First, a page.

Bobby Valentine is getting a callback interview for the Cleveland Indians’ vacancy. So too are Manny Acta and former Tigers and Indians third baseman and current Indians single-A manager Travis Fryman.
Interesting list of finalists in that it suggests that, rather than merely trying to find the right man for the job, the Indians don’t yet know exactly which direction the team is really heading.
Given his age and experience, you’d think that Valentine would be better suited to a win-now situation. Despite his firing in DC, Acta is well-regarded and many believe he’d do much better on a team that was actually on the upswing as opposed to the hopeless situation he faced in Washington. Fryman is totally green by comparison. If you go with him, aren’t you saying that the team is totally at the bottom and is starting from scratch?
I actually like all three of those guys, but if Shapiro and Dolan think that the team is rebuilding, Valentine — a man with money, a high price tage, TV prospects and presumably a lot of options — is probably not the best man for the job. If, on the other hand, ownership thinks that the team is poised to compete in 2010, they’re probably not well-advised to install Fryman in the manager’s office. Indeed, if he does have managerial talent, you’d probably want to wait until the team is better positioned in order to give him the best chance to succeed.
A lot can happen in the offseason, but my personal view is that the Indians will be better in 2010 than they were in 2009, but won’t truly contend. I think that DQs Valentine as a serious choice, leaving Acta and Fryman as the better alternatives.
Wilson Ramos’ agent tells the Washington Post that Ramos still plans to seek a four- or five-year contract this winter in free agency despite the fact that he’s recovering from knee surgery.
Yikes, good luck with that. Ramos suffered ACL and meniscus tears in late September 26 and his rehab will extend well into the 2017 season, when he will turn 30. This coming off a career year that may or may not be a fluke. It’d be hard to commit to him for more than, say, three years under the best of circumstances but given the knee injury it seems unlikely he’ll get offers of that length.
My guess is that he’ll get a lot of two-year offers which give him some rehab time and then a chance for a make-good year with incentives or vesting options. A straight multi-year deal, however, may be very hard to come by for Ramos. Who may very well be a DH very, very soon.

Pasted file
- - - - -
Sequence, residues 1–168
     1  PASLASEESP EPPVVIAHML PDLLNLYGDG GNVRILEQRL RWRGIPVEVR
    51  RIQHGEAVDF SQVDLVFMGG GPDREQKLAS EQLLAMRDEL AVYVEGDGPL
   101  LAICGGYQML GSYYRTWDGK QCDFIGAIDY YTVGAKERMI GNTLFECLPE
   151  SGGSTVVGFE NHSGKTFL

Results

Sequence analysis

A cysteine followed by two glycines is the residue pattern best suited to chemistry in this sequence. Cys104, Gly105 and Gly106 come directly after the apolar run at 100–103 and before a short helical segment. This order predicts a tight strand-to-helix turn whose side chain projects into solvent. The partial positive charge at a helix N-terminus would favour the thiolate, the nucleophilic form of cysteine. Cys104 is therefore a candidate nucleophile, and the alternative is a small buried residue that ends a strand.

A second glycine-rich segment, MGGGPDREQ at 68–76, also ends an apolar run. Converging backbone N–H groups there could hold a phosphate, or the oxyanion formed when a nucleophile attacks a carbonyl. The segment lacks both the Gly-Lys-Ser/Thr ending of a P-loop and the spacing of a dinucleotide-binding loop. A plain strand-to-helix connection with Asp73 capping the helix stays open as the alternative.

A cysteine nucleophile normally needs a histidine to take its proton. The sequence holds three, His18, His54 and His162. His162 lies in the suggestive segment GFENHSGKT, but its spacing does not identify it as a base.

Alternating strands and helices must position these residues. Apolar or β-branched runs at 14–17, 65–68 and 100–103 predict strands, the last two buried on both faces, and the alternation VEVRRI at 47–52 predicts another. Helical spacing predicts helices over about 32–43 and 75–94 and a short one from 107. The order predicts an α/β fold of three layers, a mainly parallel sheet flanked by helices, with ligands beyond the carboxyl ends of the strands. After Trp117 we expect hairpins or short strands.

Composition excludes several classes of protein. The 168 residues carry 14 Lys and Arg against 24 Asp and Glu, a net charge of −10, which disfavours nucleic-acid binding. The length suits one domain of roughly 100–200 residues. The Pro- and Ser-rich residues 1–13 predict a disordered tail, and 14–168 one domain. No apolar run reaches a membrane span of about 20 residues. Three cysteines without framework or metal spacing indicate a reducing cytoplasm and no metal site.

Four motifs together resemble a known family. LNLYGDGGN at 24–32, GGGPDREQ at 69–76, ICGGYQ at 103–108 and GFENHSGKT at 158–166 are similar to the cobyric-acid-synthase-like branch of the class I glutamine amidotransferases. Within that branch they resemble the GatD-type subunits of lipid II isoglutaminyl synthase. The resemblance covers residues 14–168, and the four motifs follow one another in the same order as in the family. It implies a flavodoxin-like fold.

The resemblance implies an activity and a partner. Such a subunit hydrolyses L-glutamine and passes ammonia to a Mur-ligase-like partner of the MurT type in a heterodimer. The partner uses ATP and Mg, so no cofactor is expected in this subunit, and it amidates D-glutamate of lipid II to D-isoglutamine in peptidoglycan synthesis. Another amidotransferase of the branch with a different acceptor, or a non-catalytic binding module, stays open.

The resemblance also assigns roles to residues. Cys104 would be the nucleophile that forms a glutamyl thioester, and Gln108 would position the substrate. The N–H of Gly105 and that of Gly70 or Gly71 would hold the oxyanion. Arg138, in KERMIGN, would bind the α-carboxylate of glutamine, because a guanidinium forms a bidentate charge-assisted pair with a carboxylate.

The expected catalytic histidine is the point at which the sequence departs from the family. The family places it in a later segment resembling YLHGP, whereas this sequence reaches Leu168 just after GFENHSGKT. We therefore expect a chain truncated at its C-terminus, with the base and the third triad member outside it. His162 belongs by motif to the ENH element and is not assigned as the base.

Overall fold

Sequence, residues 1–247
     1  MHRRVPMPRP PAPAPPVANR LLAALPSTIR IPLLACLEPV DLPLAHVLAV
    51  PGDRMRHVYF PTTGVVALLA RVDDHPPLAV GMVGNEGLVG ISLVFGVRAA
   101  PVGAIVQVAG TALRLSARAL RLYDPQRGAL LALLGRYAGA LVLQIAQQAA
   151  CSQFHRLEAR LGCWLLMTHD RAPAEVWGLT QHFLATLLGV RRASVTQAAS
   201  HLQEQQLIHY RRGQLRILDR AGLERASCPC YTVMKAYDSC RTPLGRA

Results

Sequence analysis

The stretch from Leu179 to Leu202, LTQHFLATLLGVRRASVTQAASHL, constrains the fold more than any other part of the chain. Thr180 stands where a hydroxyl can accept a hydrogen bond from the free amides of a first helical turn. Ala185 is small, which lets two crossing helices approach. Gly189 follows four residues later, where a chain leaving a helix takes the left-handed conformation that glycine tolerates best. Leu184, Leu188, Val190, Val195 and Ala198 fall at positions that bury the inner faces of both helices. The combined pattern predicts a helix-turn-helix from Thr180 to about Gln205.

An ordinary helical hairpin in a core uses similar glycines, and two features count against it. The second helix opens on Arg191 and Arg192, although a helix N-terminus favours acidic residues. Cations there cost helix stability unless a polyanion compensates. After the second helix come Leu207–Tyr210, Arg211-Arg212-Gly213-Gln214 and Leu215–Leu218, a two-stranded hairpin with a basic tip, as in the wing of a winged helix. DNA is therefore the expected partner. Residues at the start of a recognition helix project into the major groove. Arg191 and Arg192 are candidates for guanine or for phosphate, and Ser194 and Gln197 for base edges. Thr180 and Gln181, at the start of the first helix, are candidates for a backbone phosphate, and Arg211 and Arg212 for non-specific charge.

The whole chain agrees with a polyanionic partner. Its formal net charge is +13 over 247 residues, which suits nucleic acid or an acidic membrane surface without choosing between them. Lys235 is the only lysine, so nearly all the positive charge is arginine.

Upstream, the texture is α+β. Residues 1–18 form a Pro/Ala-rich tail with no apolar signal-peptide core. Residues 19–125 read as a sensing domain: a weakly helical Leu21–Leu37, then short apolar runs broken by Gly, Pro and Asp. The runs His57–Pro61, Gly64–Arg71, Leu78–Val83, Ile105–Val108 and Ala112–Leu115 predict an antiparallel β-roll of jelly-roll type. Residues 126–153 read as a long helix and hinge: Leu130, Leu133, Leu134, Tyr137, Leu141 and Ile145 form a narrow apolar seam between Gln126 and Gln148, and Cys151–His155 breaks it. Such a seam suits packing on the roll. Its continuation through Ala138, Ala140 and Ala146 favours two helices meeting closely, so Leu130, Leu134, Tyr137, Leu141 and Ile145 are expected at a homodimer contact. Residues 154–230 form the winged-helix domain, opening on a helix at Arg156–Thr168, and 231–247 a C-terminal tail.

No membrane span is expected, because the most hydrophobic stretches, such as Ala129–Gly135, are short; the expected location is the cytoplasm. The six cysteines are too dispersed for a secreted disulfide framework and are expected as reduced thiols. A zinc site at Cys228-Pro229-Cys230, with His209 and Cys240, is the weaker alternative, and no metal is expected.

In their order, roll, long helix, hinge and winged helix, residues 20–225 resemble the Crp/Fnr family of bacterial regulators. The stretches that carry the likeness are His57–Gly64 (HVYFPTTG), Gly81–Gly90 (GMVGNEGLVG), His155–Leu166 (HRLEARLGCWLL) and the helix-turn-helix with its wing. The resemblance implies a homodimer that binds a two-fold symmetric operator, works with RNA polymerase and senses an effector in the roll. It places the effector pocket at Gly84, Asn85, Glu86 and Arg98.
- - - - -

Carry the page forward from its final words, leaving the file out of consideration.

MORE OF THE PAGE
The Game: Cleveland Indians @ Chicago Cubs, World Series Game 3
The Time: 8:00 PM EDT
The Place: Wrigley Field, Chicago
The Channel: FOX
The Starters: Josh Tomlin (Indians) vs. Kyle Hendricks (Cubs)
As you may have heard, this is the first time a World Series has been played at Wrigley Field in 71 years. Cubs fans have had a lot of time to think about this one, but I assure you, they’re ready. Wrigley is going to be complete bedlam. Or a complete train wreck. Depends on your point of view and, probably, what time you’re walking around Wrigleyville.
The cold and rain of Cleveland is being replaced by some moderately unseasonable warmth in Chicago today. It’ll be in the 60s this afternoon and isn’t projected to cool down after the sun goes down. Between that and clear skies, it should be a lovely night for baseball. Unless you’re a pitcher, that is: strong winds are forecast to be blowing out tonight. That bodes poorly for Indians starter Josh Tomlin, who gave up 36 homers this season, which was just one behind Jered Weaver for most in baseball. The Cubs’ Kyle Hendricks is far better suited to such conditions, as he’s a groundball machine. Look for the Cubs batters to be taking some big uppercuts all night.
The Cubs won’t have Kyle Schwarber taking uppercuts, at least not all game long, but he could pinch hit. The Indians are strongly considering putting Carlos Santana in left field so they can keep both his and Mike Napoli‘s bats in the lineup in the DH-free NL park. The Cubs won 103 games this year without Schwarber, so they should be OK, even if he was a nice addition in Cleveland. Santana, on the other hand, has played exactly one game in the outfield in his major league career. That came in 2012. Do not expect Santana to be . . . smooth.
Cleveland is still looking at pitching Corey Kluber on short rest in tomorrow’s Game 4 and, if it goes that long, bringing him back again in Game 7. The “win all of Kluber’s starts and steal one elsewhere” approach is defensible, but this matchup seems less-than-ideal for the Indians in the “steal one” department. Hendricks has been solid as a rock down the stretch and in the postseason. Between his vexing stuff and a crazy crowd at Wrigley tonight Chicago seems poised to grab the momentum in this series tonight.